To event or not to event? That is the question organisers are faced with as the world moves towards a post-pandemic recovery.
The events industry was hit hard by the Covid-19 pandemic, with Pollstar estimating that $30 billion was lost globally in 2020.
While the sector fared better in the second half of the year, no amount of pivoting and innovation was able to recoup the losses experienced during the early stages of the pandemic.
The Covid-19 pandemic and the subsequent lockdown regulations adversely affected all the sub-sectors of the events industry in South Africa. But what does the future of events look like?
In 2020, we witnessed a seismic shift of the entire industry to the virtual space, albeit forcefully. This trend will continue for the most part of 2021 with digital remaining a major component of the event strategy.
Future events won’t necessarily always only be online, as the need for human connection is too intrinsic to us, but online events will become increasingly relevant in the coming years to reduce travel and the cost of physical events.
A survey conducted with East Coast Radio listeners gives valuable insight about how consumers feel about attending physical and virtual events and what type of events they have an appetite for. (Source: East Coast Radio Events Survey – May 2021)
East Coast Radio has staged some of KwaZulu-Natal’s biggest events over the years, including the family-friendly Big Walk and popular Durban Day concert.
The station was forced to adjust some of its annual events in the wake of the Covid-19 pandemic.
The Women’s Business Breakfast went virtual for the first time in 2020. The webinar, which was headlined by Bonang Matheba, Leanne Manas, and Vusi Thembekwayo, was an overwhelming success with 500 attendees.
Bigger focus on hybrid and virtual events
Prior to the Covid-19 lockdown, 383 000 of the East Coast Radio audience watched, read about, listened to, browsed or paid to attend a theatre/musical production, live music concert, art exhibition or cultural event.
The coming year will see a bigger focus on hybrid and virtual events.
The survey shows that 27% of listeners only opt in for virtual events, while 34% say they are interested in attending both virtual and non-virtual events. A further 19% say they will attend non-virtual events that follow Covid-19 health safety protocols.
Music and comedy are the main choices of virtual events that listeners are interested in attending. A third would attend a virtual family walk and 20% a virtual business breakfast.
Physical gatherings and real-life events are still the main attractions for the listeners of East Coast Radio, with more than half of the survey respondents saying they would like to attend a Saturday market and a comedy show. Almost 50% are keen on attending a live music event or family fun walk.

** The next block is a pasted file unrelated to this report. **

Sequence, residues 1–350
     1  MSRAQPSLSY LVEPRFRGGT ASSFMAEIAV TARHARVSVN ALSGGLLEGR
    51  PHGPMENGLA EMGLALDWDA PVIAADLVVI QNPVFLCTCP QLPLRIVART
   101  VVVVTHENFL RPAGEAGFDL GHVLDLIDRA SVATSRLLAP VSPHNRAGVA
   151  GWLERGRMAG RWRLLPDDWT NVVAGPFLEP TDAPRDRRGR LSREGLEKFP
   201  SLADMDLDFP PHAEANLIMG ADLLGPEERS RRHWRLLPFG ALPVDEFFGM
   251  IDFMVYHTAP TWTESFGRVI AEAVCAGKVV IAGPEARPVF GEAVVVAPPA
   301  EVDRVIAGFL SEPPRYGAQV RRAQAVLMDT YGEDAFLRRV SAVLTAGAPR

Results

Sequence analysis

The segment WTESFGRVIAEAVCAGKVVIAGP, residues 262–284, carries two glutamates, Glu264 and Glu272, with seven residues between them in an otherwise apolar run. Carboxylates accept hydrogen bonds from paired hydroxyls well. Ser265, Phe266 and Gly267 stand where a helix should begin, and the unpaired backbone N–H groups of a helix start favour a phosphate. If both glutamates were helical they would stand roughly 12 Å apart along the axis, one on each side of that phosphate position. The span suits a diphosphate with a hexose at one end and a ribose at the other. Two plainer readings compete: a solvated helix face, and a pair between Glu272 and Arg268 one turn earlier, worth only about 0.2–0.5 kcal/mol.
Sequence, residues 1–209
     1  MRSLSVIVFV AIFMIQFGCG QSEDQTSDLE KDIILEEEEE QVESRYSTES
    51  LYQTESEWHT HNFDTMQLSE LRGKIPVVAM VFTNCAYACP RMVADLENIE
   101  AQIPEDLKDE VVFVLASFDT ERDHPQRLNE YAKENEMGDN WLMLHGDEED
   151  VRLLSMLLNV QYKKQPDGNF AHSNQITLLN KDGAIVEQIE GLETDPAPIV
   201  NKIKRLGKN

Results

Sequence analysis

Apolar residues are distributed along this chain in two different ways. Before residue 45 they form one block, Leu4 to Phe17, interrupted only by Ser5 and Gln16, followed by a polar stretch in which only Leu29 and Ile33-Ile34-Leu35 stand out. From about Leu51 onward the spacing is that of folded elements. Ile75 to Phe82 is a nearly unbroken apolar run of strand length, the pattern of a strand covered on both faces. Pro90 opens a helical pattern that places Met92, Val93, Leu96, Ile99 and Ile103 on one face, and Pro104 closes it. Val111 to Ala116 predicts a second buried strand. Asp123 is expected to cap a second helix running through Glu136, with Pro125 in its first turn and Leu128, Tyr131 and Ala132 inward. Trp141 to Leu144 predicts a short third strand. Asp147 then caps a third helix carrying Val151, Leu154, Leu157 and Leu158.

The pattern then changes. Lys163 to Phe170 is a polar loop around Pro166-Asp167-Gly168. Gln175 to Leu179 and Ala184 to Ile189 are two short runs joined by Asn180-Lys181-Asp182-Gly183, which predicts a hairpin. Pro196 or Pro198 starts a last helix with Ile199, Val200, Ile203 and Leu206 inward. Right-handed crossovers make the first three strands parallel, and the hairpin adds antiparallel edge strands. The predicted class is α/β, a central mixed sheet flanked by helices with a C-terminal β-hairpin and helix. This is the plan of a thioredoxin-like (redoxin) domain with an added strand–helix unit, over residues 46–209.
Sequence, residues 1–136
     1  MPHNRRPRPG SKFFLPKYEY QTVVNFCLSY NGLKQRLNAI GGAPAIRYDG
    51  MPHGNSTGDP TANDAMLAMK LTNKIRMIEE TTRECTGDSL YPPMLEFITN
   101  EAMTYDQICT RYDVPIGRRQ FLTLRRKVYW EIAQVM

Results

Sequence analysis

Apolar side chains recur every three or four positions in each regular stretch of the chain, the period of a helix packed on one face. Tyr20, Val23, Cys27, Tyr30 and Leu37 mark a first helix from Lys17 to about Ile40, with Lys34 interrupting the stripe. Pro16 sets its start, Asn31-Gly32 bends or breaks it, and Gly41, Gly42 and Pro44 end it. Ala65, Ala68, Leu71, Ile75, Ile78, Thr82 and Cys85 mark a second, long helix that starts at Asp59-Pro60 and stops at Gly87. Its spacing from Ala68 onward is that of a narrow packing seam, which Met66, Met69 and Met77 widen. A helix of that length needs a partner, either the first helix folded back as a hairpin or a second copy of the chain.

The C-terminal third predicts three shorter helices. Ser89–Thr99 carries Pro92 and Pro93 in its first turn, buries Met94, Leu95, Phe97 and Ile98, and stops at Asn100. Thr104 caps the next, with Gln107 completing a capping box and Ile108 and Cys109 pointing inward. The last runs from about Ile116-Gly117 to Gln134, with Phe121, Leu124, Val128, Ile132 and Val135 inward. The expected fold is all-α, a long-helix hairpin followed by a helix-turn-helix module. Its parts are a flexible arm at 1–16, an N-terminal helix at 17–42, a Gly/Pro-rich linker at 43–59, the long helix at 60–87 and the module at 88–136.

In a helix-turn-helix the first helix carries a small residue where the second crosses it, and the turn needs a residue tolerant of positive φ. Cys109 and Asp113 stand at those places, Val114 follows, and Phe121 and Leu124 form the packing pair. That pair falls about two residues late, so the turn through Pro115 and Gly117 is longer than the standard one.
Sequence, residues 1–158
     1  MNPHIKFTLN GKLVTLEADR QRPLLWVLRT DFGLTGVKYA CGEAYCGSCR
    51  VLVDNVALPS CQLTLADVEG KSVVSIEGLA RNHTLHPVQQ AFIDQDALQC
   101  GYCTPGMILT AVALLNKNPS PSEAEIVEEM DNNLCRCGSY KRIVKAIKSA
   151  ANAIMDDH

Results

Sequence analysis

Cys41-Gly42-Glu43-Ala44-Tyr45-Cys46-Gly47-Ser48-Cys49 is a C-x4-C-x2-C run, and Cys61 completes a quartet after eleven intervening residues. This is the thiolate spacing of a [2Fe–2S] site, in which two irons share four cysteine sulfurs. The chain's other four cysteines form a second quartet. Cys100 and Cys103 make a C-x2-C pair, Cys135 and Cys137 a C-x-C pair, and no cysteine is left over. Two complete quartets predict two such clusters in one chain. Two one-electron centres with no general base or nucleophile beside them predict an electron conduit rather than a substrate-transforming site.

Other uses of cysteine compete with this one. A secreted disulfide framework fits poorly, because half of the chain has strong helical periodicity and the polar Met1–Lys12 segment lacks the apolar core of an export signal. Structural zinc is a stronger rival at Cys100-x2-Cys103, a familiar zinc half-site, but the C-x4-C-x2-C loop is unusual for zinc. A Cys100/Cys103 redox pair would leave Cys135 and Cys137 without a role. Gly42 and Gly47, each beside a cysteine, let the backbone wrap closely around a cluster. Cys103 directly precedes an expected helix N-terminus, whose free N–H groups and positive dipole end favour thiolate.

This is not surprising, as family is very important to East Coast Radio listeners and more than 700 000 listeners say they enjoy family meals together on weekends.
Audience engagement and interaction
Audience engagement is the largest challenge when it comes to virtual events. The next biggest challenge is interaction and on average 66% of marketers use polling and videos to keep people engaged.
With larger events, they have gamification strategies to improve audience engagement; 63% of people say that the ideal time for a virtual round table discussion is between 60 and 90 minutes and 45% of event organisers opt for shorter, multi-day events to combat virtual event fatigue. In the East Coast Radio survey, 80% of respondents opted for an event length of up to two hours.
Almost 60% say they are more likely to attend an event that they’ve attended before.
Looking ahead, the virtual event technology sector will likely see an increase in growth and investments.
Virtual events have made it so much easier to track attendee actions and behaviour, creating both an opportunity to attract sponsors and raising questions on attendee privacy.
But consumers are getting increasingly wary of sharing their data.
The responsibility is in your hands to be transparent as a brand and to ensure you only collect data as required.
We live in a world where reality is no longer just what we see in front of us. We no longer have to rely on our senses to govern our experience of things, as technology allows us to create sensations that mimic the real thing so well, that we often aren’t able to tell the difference.
Virtual reality, extended reality, augmented reality, mixed reality, behind-the-scenes tours, live commenting, ARwall, and Lightform are just some of the terms associated with the exciting world of virtual, live, and hybrid event spaces.
It’s clear from the survey, and trends worldwide, that the future of events will be overwhelmingly hybrid.
Tanya Davis is marketing manager at East Coast Radio. Before that, she served as the station’s brand and communications manager. Davis holds a Diploma in Public Relations from Varsity College and a Bachelor of Technology Honours Degree in Public Relations Management from Durban University of Technology.
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